Code signing for the concerned: 4 Results and testing

There’s no point in signing an app or any other code resource unless you test whether its signature works before it’s used for real. Although normally a reliable process, lots of things can go wrong with signing, and the time to confirm that they haven’t is straight after you’ve signed the app.

Command line tests

Apple and others detail commands that you can use in Terminal which should provide different types of check on the signed app or code bundle. These are typically of the form
codesign --verify --deep --strict --verbose=2
which is intended to mimic the checks performed by Gatekeeper on a quarantined app.

Unless you thoroughly understand what you are doing, these can become complex and easy to get wrong. If they tell you that your app is signed correctly but it isn’t, they can give you a false sense of confidence. For these reasons, I only recommend their use by the experienced and knowledgeable.

General GUI test

Every Mac user needs to be able to inspect the signature of apps, and the best way to do this is using Objective-See’s free What’s Your Sign?, which puts this in the Finder’s contextual menu (Control-click etc.). Simply select the app and use the Signing Info command.


If you have applied an ad hoc signature to your app, then What’s Your Sign? reports that it has been validly-signed, but points out that there are no signing authorities. Without those authorities, some signature-based requirements, notably Gatekeeper’s full check with a quarantine flag, will fail.


If you have used a personal certificate, What’s Your Sign? identifies that too, and once again a full check by Gatekeeper with the quarantine flag set will fail.

Functional testing

The most reliable and detailed test that you can apply is to assess whether the signed app meets it designated requirement, in other words use it with the sub-system which it has to satisfy.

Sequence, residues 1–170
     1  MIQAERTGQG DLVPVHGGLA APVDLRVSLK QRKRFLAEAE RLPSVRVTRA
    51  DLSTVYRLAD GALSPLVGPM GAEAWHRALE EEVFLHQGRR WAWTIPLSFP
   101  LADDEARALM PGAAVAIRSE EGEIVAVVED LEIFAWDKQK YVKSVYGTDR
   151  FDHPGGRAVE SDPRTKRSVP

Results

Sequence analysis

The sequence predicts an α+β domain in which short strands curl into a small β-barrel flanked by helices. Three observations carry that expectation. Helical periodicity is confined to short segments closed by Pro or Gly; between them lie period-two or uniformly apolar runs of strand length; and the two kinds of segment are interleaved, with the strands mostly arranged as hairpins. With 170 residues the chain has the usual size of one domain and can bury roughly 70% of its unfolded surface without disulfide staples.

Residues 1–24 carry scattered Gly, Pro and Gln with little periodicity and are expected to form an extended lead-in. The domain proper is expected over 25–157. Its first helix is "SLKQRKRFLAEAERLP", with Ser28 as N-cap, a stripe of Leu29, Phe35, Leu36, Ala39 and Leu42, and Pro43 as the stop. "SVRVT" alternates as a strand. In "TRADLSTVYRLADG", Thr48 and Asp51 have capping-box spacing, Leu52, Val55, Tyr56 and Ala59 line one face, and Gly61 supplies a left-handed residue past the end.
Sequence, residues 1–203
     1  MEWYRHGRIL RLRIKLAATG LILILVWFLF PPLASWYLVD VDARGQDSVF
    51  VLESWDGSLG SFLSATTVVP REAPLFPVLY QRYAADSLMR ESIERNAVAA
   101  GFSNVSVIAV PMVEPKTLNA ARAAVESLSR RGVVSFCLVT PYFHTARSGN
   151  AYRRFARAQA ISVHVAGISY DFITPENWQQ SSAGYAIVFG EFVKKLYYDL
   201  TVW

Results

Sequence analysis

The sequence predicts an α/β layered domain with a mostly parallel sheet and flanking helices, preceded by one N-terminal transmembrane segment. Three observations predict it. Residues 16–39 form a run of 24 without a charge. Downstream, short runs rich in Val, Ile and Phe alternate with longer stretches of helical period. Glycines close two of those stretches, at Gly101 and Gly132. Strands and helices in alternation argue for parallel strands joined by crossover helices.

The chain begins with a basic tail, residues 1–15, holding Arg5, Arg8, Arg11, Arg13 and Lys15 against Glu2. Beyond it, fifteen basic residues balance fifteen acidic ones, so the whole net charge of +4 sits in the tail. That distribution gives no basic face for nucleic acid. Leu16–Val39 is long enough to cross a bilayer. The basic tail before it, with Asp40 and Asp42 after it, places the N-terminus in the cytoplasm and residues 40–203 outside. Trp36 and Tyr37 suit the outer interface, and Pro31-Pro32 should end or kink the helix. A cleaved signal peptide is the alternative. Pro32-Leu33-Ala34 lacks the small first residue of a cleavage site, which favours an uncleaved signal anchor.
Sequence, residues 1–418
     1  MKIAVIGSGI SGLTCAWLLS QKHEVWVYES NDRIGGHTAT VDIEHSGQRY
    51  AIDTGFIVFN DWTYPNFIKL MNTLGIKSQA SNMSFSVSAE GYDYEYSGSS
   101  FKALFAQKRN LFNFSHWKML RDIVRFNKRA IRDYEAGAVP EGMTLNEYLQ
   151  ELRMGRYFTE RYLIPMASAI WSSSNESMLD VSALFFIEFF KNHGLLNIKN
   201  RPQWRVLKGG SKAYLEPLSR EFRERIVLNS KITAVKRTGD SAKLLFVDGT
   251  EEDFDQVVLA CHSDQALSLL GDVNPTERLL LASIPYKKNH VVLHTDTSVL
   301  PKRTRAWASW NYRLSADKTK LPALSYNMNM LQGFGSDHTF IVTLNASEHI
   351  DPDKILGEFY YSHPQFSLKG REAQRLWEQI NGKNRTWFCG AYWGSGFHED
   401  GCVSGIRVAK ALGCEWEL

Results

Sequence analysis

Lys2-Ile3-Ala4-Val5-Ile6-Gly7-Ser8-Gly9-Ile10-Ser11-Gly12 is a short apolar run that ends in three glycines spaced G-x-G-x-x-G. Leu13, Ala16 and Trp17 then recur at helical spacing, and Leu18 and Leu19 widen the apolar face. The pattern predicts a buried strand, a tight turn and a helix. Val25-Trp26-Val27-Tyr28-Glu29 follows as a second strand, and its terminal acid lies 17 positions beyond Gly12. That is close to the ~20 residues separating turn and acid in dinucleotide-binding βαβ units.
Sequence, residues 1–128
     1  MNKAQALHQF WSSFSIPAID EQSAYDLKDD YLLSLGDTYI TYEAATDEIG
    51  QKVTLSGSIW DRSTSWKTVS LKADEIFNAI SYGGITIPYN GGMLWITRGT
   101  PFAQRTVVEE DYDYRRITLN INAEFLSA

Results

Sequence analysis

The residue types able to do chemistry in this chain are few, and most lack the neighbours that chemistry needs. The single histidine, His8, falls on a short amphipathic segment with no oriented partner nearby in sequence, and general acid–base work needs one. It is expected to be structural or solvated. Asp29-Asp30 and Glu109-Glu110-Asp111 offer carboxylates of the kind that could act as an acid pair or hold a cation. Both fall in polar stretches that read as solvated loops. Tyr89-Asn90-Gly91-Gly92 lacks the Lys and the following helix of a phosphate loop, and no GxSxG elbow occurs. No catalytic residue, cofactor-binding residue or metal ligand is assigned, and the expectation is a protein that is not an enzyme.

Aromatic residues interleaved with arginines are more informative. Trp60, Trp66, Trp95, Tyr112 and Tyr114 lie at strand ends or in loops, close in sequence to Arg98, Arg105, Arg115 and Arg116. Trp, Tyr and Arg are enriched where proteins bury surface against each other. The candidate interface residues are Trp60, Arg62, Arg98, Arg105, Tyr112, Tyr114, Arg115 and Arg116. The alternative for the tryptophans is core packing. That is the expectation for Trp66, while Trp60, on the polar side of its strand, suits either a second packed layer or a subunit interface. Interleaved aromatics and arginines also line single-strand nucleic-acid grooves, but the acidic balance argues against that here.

In the case of Gatekeeper, you can upload your app to a remote site, download it using your browser, and test the downloaded version. You can also mail it to yourself, or move it by AirDrop. Simpler and quicker than those is to apply a quarantine flag then try opening the app. This is readily done using my free Xattred extended attribute editor: open your app, click on the button to Add quarantine xattr, then try opening the app in the Finder.


In the case of ad hoc signing and that using a personal certificate, this is what you will see in response: those signing methods are not sufficient to pass Gatekeeper’s full checks.

Given that ad hoc signing and personal certificates can’t satisfy this particular requirement, the presumption in your using them is that they do enable another feature which expects code to be signed but not as rigorously, such as TCC’s privacy requirements, perhaps. You then need to check that your signed app behaves as expected with the macOS sub-system it requires. This is much harder to do using command tools, but a simple real-world functional check is better.

If your app needs Full Disk Access, try adding it to that list in the Privacy settings and browsing into your ~/Library/Mail and ~/Library/Calendars folders. As I’ll discuss in a future article, gaining access to specific controlled resources like the camera and microphone is more intricate: if you need that, then you’re almost certainly going to be better using Xcode with a proper Developer ID and signing, and the Gatekeeper test.


One final free tool which can be helpful when wrestling with signature problems and entitlements is Taccy. This goes more deeply into settings for sandboxed and hardened apps, and shows important privacy data from the app’s Info.plist file. If you’re getting into these weeds, you should be using a Developer ID with Xcode, or you’ll find the going difficult to say the least.

This conveniently takes me to getting the best out of Mojave’s privacy protection, the subject of the next article.


Apple’s Code Signing Guide
TN2206 Code Signing in Depth